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House GOP passes major antiabortion bill. Why Democrats are pleased. (+video)

House Republicans passed legislation Tuesday that would ban abortions after 20 weeks' pregnancy. The party's social conservative base is happy, but Democrats see a political boon. 

By Staff writer / June 18, 2013

Rep. Trent Franks (R) of Arizona arrives on Capitol Hill in Washington Tuesday. He is the author of a bill that would change US abortion law to ban almost all abortions after a fetus reaches the age of 20 weeks.

Carolyn Kaster/AP

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Washington

The Republican-controlled House of Representatives on Tuesday passed the most significant antiabortion legislation in 10 years: the Pain-Capable Unborn Child Protection Act, which would ban abortions after 20 weeks of pregnancy.

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The bill, which passed 228 to 196 on a mostly party-line vote, goes directly against the holding of Roe v. Wade, the Supreme Court ruling that legalized abortion nationwide. Under Roe, states may not ban abortion previability – roughly 24 weeks’ gestational age.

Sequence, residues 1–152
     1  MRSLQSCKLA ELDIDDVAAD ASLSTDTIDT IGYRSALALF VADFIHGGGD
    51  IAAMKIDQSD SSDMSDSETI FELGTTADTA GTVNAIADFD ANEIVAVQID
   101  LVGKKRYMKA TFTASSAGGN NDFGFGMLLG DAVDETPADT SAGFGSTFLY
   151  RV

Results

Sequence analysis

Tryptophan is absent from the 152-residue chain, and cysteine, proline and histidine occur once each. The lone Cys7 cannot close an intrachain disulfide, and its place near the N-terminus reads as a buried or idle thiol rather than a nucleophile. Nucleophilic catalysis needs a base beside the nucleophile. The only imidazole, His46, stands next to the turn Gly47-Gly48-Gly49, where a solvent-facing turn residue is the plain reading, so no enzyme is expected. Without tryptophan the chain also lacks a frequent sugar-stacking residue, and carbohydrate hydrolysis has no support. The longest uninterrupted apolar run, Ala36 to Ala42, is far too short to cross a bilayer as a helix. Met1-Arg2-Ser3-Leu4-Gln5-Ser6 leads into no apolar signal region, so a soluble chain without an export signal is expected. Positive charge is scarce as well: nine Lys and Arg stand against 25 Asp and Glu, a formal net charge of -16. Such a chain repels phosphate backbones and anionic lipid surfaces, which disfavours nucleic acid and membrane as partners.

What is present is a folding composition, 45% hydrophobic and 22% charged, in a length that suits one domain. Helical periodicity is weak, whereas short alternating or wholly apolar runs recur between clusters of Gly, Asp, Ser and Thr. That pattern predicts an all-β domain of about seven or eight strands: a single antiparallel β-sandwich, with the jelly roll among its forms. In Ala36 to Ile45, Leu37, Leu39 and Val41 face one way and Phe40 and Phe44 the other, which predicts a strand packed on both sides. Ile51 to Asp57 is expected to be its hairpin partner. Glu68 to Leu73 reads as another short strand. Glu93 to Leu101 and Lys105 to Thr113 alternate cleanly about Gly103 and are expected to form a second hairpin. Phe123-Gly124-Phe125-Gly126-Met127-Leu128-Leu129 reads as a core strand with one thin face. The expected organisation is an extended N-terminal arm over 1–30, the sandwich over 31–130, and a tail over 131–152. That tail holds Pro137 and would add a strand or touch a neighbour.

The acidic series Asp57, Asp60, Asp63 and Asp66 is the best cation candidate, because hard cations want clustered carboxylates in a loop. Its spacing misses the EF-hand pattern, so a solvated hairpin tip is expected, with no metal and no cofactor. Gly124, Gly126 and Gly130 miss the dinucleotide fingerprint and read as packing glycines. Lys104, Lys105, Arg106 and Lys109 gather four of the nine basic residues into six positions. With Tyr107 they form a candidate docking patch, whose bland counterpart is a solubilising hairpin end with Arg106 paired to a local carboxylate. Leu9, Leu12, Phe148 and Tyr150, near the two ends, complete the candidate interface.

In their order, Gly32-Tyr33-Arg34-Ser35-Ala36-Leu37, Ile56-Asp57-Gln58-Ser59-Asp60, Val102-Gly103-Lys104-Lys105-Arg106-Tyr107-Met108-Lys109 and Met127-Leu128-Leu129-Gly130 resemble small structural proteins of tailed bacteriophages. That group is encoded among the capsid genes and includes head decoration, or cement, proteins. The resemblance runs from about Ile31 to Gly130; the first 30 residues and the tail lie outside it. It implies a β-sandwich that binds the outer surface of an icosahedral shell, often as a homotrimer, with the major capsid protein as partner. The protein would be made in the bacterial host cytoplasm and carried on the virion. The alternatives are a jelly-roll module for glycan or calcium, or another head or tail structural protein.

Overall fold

But the legislation is also largely symbolic. The Democratic-controlled Senate will not take it up, and so it’s going nowhere. Still, for both parties, the bill serves a political purpose.

For Republicans, it’s “a sop to the base,” particularly those members from red states that are adopting strict antiabortion legislation, says Cal Jillson, a political scientist at Southern Methodist University in Dallas.

On the flip side, for Democrats, the legislation is a boon. “At the national level, the abortion issue has not worked for the Republican Party, particularly among women voters,” says Mr. Jillson.

The bill’s author, Rep. Trent Franks (R) of Arizona, gave the Democrats a bonus gift last week when he said that the rate of pregnancies resulting from rape is “very low.” He later corrected himself, but also added an exception to the bill for cases of rape and incest, albeit a limited one.

The uproar over Congressman Franks’s comment was reminiscent of other Republican gaffes over rape in last year’s elections. Former Rep. Todd Akin’s Senate bid in Missouri tanked when he asserted that women’s bodies can resist pregnancy in cases of “legitimate rape.” And in Indiana, Senate candidate Richard Mourdock also saw his political fortunes collapse when he said that pregnancy from rape is “something God intended.”

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